Can you build as much upper body strength and muscle with push ups vs bench press?
Yes. Three separate studies have reported push ups are as effective as bench press for development of strength and muscle. In addition, the push up will provide more effective training for the “core” muscles, and very likely is safer than the bench press for the shoulders.
A standard push up (legs extended, weight on hands and balls of feet) loads the pectorals, deltoid and triceps with about 65% of your body weight.
A push up on knees loads the upper body with about 49% of your body weight.
The major advantage of the bench press seems to lie in the ability to use very small loads – less than 49% of your body weight – if necessary to start.
I say “seems to lie” because it is in fact possible to scale push ups to almost any strength level. Simply, one raises the upper body, which results in more of body weight being borne on the feet. The photo below shows one set up for reducing the load on the upper body.
Photo from the 2017 Kikuchi study.
The hands are on stacks of what look like 1” wood boards. As strength increases one can remove one level of boards and by this route gradually increase the difficulty of the push up.
We can use the same process with the legs extended and weight on balls of feet. Further, we can use bands to safely add load to push ups. Thus there really is no difference in scalability of push ups vs bench press.
In 2015 Calatayud and colleagues compared push ups vs bench press at similar 6RM loads. One group trained 6RM push ups by using resistance bands to increase load, the other trained with the 6RM bench press. The study found that 6RM elastic band push ups and 6RM bench press training produced comparable strength and mass gains. I have developed a unique way to load push ups with Bodylastic bands using my DIY band platform.
The 2017 Kikuchi study of push ups vs bench press compared training with difficulty scaled push ups (on feet or knees) to training with the bench press with 40% 1RM; strength and hypertrophy outcomes were comparable for the push ups vs bench press.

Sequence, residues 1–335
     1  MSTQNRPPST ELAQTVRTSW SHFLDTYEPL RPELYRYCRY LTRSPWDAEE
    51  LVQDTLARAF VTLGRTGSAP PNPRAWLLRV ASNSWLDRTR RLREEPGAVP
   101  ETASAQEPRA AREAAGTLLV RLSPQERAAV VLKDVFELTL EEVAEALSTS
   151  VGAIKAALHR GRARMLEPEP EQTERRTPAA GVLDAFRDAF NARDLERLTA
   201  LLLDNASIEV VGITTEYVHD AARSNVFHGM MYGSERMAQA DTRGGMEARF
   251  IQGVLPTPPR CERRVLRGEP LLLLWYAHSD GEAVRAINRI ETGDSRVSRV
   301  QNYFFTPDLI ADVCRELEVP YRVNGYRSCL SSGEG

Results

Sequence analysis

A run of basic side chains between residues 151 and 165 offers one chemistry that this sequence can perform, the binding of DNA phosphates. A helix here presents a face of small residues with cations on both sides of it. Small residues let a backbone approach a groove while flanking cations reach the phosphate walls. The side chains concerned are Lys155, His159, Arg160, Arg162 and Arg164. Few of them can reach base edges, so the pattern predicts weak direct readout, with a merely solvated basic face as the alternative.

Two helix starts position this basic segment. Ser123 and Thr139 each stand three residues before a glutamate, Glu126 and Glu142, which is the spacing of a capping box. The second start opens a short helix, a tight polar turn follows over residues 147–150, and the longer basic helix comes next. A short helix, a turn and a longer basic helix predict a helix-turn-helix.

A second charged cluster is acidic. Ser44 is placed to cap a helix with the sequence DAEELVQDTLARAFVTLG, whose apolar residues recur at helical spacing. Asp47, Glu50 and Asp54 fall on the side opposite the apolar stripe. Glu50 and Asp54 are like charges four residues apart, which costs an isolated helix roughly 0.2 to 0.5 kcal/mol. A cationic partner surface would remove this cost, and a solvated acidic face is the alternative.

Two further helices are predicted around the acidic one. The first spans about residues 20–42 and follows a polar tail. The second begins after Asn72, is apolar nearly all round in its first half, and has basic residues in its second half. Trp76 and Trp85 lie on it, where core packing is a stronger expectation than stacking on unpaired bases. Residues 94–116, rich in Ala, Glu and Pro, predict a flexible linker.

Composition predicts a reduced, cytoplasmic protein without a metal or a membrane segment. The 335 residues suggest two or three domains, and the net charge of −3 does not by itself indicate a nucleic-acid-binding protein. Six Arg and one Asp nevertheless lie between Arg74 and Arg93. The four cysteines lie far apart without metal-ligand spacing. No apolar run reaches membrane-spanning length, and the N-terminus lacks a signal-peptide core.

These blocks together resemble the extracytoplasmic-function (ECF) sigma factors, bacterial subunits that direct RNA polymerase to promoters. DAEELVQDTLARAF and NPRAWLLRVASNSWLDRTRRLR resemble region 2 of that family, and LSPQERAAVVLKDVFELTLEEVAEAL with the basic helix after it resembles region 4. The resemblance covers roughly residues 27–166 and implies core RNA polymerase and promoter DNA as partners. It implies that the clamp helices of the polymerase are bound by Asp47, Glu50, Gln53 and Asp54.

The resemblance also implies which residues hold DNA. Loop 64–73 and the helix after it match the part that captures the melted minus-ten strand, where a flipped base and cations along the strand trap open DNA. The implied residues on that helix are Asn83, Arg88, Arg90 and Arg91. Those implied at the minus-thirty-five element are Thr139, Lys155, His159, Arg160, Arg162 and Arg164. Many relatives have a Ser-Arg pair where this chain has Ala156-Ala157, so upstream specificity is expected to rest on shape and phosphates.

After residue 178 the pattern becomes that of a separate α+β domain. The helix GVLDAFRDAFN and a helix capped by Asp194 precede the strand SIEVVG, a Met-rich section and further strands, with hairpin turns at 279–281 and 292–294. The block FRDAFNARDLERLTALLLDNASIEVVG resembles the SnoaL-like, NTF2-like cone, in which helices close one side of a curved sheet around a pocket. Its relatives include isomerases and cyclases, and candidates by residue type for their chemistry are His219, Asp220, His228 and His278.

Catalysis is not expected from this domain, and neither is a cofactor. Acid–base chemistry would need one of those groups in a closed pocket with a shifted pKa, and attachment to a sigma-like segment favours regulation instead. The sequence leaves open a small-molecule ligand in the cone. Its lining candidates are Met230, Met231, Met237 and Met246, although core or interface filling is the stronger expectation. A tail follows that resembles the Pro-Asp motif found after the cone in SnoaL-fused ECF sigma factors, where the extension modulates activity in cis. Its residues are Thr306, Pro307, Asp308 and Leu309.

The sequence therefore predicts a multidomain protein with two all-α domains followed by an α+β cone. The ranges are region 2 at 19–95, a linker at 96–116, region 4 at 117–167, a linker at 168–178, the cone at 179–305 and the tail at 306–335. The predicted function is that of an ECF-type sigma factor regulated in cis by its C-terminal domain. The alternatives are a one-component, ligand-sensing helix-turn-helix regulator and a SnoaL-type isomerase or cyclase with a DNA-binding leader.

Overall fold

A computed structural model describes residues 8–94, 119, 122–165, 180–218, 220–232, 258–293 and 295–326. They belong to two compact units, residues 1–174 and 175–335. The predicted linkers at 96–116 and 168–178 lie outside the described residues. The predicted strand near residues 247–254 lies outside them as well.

The 2019 Tillaar study of push ups vs bench press found no differences in kinematic and muscle activation between bench press and push ups performed at various loads using a weight vest to adjust push up load.
Another advantage of push ups vs bench press is that push ups involve more "core" muscle activation and are probably safer than bench press for the shoulders due to push ups being a closed chain exercise with the hands fixed, resulting in less degree of freedom at the shoulder. In addition, in the bench press you lie on the shoulder blades, which reduces their mobility for protraction and retraction and consequently endangers the shoulder joint. Bench press is so frequently a cause of shoulder damage that “bench presser’s shoulder” is a recognized orthopedic disorder. During a push up your shoulders can freely protract and retract, which provides optimal biomechanics for horizontal pushing, and protects against shoulder injury.
Additionally, the bench press presents a risk of dropping a heavy bar on the chest or neck, which can severely injure or even kill you. One can find many examples of bench press gone awry on You Tube. Here's one example.
In considering push ups vs bench press, I consider the bench press to be inferior to push ups or dips because of its increased risk of harm without any superior results. I don't use the bench press in my own training, nor do I prescribe bench press to any of my coaching clients.
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